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|Forum||Questions||Ask a Question|
Questions about the definition, risks and results of breast biopsy.
|Asked||Publicly Submitted Question|
|4/6/2012||Hi My wife is 37 years old.|
She had 3 children before the age of 32, breast fed them all for a year each. She had a benign ovarian tumour removed in 2008.
She recently found a small mass in her right breast. Se had, ultrasound, mamograms and core biopsy of the lump as well as vacume biopsy of scattered calcifications also found in the right breast. the left breast was normal on mamogram.
The surgeon ordered a preoperative MRI but has suggested a msatectomy is the only logical course of action followed by radiation and chemo. Are the calcification definately malignacies? can a microscopic calcification actually be read histologically to determine malignancy? Is Mastectomy the only choice given the widespread calcifications?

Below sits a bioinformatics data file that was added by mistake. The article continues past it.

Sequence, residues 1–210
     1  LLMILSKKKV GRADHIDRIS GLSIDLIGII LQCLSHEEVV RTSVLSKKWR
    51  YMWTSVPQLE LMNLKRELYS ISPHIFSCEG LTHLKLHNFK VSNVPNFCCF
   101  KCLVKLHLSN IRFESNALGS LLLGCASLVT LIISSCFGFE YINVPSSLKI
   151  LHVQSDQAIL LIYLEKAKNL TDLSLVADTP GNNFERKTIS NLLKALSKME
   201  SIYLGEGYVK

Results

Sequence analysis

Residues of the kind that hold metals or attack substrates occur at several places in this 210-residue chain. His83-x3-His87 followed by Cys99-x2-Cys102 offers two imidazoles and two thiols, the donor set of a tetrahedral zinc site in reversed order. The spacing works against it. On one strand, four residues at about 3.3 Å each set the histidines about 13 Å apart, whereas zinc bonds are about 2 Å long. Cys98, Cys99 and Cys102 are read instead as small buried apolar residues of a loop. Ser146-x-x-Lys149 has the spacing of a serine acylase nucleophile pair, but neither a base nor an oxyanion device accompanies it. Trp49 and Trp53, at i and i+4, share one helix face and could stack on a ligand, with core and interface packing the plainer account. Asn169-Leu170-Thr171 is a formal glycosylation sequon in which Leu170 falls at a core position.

|Replied||JHU's Breast Center Reply|
|4/6/2012||wow.... calcifications cannot be determined to be malignant without a tissue biopsy. It isn't fair to assume anything, including that mastectomy is needed for chemo or radiation. let's get a diagnosis first. a diagnosis by pathology. Calcifications captured in a core biopsy specimen can be examined under the microscope to determine if the core biopsy tissue contains cancer cells or not. Get a copy of the pathology report first. If you can have her come to us, do. 443-287-2778.|
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